) --Within the airline industry, it seems ridiculous that the antitrust division of the Justice Department would sue to prevent a merger between
. Outside the airline industry, the perception is a bit different.
"Their [the DOJ] complaint is well-drafted," said Ankur Kapoor, an antitrust attorney at Constantine Cannon in New York, in an interview. "Not to say it's flawless, and there certainly are defenses the airlines can make, but it's a good complaint. The DOJ shows market concentrations in the appendix, and they are very strong."
Kapoor believes a settlement is likely. While the DOJ case is strong, the airlines "are going to blitz the DOJ," he said. "You can tell (that) by the quality of lawyers they have retained. They are going to push for a trial before the end of the year, which in a case of this magnitude is very aggressive. They are banking on the fact that the DOJ is extremely resource-constrained - they have the
case and they just closed four offices. So there is an incentive on the DOJ side to settle."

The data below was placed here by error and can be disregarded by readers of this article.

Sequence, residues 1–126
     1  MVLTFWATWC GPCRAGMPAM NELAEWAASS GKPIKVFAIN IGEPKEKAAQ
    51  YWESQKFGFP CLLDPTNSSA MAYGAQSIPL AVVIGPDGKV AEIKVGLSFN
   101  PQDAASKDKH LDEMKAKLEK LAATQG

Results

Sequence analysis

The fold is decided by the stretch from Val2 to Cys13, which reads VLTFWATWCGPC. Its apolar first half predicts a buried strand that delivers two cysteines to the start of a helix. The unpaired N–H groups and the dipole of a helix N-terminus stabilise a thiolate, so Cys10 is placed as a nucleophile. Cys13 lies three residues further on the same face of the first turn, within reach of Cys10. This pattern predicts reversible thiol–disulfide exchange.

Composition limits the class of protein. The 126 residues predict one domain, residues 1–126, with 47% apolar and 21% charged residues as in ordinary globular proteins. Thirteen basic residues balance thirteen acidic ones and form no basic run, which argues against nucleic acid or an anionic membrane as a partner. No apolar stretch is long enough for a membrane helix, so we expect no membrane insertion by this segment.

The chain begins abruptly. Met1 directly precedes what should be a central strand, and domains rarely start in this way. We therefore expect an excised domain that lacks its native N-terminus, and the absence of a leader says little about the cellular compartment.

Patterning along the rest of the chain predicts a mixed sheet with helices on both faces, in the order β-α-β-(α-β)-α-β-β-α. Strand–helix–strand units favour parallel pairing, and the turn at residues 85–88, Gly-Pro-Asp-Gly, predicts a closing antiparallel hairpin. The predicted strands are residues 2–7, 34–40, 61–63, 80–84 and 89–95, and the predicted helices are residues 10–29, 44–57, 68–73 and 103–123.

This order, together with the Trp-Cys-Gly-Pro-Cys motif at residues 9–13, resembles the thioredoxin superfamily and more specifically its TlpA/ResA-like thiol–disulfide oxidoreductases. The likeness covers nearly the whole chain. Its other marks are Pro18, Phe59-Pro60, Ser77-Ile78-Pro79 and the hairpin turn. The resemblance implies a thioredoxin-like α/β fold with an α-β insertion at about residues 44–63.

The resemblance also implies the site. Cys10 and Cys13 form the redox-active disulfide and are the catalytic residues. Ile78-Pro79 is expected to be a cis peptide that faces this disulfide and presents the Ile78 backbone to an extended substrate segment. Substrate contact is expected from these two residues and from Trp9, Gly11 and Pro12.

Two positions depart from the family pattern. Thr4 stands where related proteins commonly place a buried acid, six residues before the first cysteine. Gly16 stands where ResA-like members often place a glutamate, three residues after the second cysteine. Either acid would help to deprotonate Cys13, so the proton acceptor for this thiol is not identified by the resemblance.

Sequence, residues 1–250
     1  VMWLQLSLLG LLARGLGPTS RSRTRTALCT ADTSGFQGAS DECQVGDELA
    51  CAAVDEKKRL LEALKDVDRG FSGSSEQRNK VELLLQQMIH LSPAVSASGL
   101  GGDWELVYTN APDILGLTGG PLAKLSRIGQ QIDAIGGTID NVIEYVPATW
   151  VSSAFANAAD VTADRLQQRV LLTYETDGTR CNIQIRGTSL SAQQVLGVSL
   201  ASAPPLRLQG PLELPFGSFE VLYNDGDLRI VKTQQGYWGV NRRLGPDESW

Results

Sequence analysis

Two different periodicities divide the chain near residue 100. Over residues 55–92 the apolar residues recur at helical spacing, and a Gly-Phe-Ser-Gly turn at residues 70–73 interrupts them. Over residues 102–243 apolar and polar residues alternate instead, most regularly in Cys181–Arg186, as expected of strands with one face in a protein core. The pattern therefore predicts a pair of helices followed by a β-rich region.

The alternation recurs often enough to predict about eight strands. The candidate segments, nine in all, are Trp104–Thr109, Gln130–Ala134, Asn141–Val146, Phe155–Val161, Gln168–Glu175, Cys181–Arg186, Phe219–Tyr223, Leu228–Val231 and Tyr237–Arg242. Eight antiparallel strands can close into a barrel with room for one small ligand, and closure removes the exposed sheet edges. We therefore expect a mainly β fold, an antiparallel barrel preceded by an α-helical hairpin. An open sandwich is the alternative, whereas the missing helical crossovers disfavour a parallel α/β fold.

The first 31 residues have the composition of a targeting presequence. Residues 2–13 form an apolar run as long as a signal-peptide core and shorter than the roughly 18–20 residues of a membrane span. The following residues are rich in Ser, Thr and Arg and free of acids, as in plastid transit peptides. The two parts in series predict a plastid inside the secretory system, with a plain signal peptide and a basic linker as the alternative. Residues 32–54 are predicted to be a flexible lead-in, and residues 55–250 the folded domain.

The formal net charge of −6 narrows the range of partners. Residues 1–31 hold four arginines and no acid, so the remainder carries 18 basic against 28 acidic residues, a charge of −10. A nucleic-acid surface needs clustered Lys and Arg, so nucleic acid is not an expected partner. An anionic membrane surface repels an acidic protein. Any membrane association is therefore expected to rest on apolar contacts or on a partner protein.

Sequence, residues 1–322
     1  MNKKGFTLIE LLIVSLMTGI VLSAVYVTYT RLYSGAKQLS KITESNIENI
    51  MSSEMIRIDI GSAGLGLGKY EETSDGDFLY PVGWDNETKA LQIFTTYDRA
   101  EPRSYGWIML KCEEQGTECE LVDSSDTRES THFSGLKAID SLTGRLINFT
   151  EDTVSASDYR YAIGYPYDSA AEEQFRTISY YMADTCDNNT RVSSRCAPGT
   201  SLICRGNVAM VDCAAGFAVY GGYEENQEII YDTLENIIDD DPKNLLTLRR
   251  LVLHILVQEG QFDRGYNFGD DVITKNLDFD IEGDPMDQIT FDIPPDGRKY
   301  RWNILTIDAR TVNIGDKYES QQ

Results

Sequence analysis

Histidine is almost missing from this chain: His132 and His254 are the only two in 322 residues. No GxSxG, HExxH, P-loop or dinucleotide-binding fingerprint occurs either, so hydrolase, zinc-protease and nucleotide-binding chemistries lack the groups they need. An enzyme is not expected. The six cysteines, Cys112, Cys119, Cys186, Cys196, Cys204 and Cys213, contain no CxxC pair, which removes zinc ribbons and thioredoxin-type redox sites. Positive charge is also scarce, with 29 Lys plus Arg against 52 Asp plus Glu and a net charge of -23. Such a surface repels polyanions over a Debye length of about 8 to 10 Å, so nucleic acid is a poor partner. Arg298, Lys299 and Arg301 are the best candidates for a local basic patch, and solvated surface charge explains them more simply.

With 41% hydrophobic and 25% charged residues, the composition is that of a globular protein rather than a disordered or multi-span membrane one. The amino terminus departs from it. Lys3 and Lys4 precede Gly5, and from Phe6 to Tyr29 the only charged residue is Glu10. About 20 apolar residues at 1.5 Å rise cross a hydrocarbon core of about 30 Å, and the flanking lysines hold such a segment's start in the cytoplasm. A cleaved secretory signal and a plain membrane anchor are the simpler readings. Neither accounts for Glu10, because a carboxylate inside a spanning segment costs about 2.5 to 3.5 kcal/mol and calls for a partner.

"Very few merger cases go to trial," Kapoor said. "Here's why: the length of time for the trial is usually enough to kill the deal. Once the DOJ files a complaint, they typically either abandon it or negotiate a fix."
The airlines' attorneys
the DOJ's complaint during a news conference on Wednesday, but also said they saw it coming - which raises the question: why didn't they share this view with their clients?
When a reporter asked whether the attorneys were surprised by the suit, Paul Denis, who represents US Airways, responded that the DOJ's investigation had taken seven months, and that "You're never surprised, when you're in an investigation that long, that (it) ends up in the government challenging. If you are surprised, you obviously weren't paying attention.
"We were surprised that the complaint was not stronger since we usually expect the government to put on a better case than we've seen in this complaint," Denis added.